The study of ancient civilizations in the fifth grade spans the time from the legendary continent of Atlantis some 10,000 years ago to ancient India, ancient Persia, Mesopotamia, Egypt and finally ancient Greece. The children delight in finding common threads in the creation stories and hero tales of the different peoples -- from floods and rainbows, to initiations and quests, to the intervention of the gods in human affairs. Most importantly, the students trace the evolution of human consciousness through millennia and across the globe, especially with respect to views of life, death, and the afterlife.
Finally, the students explore the life of the ancient Greeks, focusing on Grecian art, culture, language, and movement. The students learn about many ancient Greek contributions to the present day, including ideas about beauty, truth, courage, and the social order. The Pentathlon, done in conjunction with other Southern California Waldorf schools, is an important event. The children experience firsthand the wonderful harmony of body and soul that led the Greeks to feel themselves at home in the physical world.
In math, the students begin the year by thoroughly reviewing the four processes, long division, and basic fractions. To further strengthen the grasp on the basic arithmetic facts, students may work daily with speed drills. Students are expected to demonstrate mastery of the times tables by fifth grade, if they haven't done so in fourth. They may have math homework that supports the morning's class work, and work in periods outside main lesson to solidify skills in computation, simple fractions, and mixed numbers. Percents may be introduced and become part of regular practice.
The fifth graders continue with reading classes. Readers that are intended to support the curriculum of the year could include such titles as The Black Pearl by Scott O'Dell, Bernarda Bryson's Gilgamesh, Isabel Wyatt's The Last Greek Home from Troy, and Big Tree by H.C. Holling. The students read silently in class and at home. Oral reading of main lesson work and reports reveals each student's progress in fluency and comprehension.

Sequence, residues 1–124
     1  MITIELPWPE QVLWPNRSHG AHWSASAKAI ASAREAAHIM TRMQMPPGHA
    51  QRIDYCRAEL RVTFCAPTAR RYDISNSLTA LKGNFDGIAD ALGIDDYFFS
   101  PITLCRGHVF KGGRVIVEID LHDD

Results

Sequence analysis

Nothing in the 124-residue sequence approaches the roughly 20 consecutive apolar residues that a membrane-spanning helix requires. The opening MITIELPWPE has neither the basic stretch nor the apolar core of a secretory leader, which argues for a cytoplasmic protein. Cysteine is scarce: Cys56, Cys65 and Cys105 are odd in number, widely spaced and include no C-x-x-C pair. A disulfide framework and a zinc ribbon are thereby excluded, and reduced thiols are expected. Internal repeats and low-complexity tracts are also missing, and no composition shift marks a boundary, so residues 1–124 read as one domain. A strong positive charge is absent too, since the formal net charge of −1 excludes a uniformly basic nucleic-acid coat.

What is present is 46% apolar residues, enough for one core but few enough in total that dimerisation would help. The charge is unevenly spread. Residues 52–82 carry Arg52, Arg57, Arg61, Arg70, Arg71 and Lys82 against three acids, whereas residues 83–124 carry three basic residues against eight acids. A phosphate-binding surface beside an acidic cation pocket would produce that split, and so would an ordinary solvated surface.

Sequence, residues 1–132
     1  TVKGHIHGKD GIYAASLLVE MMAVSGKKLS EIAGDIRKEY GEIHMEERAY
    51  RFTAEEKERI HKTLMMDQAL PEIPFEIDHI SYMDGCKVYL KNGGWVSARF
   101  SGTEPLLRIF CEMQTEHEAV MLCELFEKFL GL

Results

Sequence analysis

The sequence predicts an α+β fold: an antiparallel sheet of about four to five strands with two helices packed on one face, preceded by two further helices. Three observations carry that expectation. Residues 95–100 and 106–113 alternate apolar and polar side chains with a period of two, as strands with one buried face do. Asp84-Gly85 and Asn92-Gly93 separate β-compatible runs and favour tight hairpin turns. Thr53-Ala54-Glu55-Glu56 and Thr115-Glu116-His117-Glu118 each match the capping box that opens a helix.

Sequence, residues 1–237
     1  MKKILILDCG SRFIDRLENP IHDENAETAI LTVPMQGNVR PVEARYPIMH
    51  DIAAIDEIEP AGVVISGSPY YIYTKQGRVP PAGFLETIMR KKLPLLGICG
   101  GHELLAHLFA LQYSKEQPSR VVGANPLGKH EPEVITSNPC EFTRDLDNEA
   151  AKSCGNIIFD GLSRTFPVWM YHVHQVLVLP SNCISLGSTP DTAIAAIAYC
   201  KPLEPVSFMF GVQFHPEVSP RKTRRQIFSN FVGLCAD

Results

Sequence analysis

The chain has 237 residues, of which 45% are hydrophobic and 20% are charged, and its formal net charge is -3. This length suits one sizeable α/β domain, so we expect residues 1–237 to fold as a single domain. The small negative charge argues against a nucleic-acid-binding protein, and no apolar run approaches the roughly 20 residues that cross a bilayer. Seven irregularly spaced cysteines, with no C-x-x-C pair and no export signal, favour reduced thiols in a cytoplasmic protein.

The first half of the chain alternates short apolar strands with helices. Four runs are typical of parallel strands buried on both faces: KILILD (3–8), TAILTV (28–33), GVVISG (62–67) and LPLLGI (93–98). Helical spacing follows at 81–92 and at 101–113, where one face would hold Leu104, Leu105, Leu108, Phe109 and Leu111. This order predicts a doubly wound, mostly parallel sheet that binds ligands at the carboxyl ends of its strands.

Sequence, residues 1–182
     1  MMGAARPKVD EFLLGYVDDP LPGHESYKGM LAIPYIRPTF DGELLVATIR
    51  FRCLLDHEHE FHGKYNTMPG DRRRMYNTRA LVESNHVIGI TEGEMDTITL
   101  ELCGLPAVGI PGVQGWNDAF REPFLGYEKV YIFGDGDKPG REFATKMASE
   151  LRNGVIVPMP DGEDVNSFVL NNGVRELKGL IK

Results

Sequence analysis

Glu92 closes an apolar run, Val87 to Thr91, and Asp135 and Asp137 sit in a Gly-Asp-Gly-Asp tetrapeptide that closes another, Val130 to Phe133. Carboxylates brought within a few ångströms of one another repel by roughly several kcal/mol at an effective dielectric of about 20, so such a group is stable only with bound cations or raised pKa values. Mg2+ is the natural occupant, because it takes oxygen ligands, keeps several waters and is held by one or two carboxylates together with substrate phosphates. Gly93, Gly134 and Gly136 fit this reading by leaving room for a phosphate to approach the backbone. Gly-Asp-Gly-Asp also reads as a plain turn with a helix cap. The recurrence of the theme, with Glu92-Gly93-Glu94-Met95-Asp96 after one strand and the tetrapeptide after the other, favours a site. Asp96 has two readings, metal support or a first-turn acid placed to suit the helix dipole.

Emphasis on Writing
By the fifth grade, teachers are moving beyond providing a text on the board to expecting independent composition from the students. The teacher may model examples of good writing on the board in order to inspire the students' independent work. Some teachers may have students compose with partners, while other students write independently. Other writing may take the form of book reports, state reports, and thank you letters. Students may also write poetry. Spelling work continues, as does formal work on vocabulary. Daily recitation of poems, tongue twisters and choral reading are important facets of language arts.
The mythology or history curriculum may provide an impetus for the class play. The students experience greater social breadth through collaborating on lines, costumes, set building, lighting, and script revisions.
The Study of Plants
The botany main lesson block is an opportunity to see how the living earth is blanketed with plant life. The teacher strives to deepen the students' appreciation for the wisdom of the natural world. Students compare the plant's place in the four kingdoms of nature, comparing life cycles of plants and human beings; they are also led to observe the great differences in the plant world itself. Students may sketch in the gardens on campus, collect leaves from home, and discover through direct observation how, as Plato observed, "God geometrizes." The children's dramatic chalk drawings of the geometric patterns found in flower forms resonate deeply with them. The culminating event in this block may be a field trip to the sequoias in Kings Canyon National Park or to another place where the plant life is notable. The children usually hike, work, cook, and have the opportunity to see the local plants and animals.
Geography: North America
In the study of North American geography, the students begin where they left off in fourth grade, picking up the story-thread given us by the indigenous Californians. The students experience the two great spines of mountains on the continent -- the Rockies and the Appalachians -- the huge "bread basket" of the Great Plains, and the directional flow of our river systems. Canada and Mexico may be similarly explored. Since geography is inseparable from history, students may learn about Christopher Columbus, the pilgrims, explorers, and pioneers. Finally, the students study the states and their boundaries, and often write and present individual state reports. The students come to appreciate the varied wonders and gifts of the land through maps, scale models, demonstrations and, perhaps, delicious food.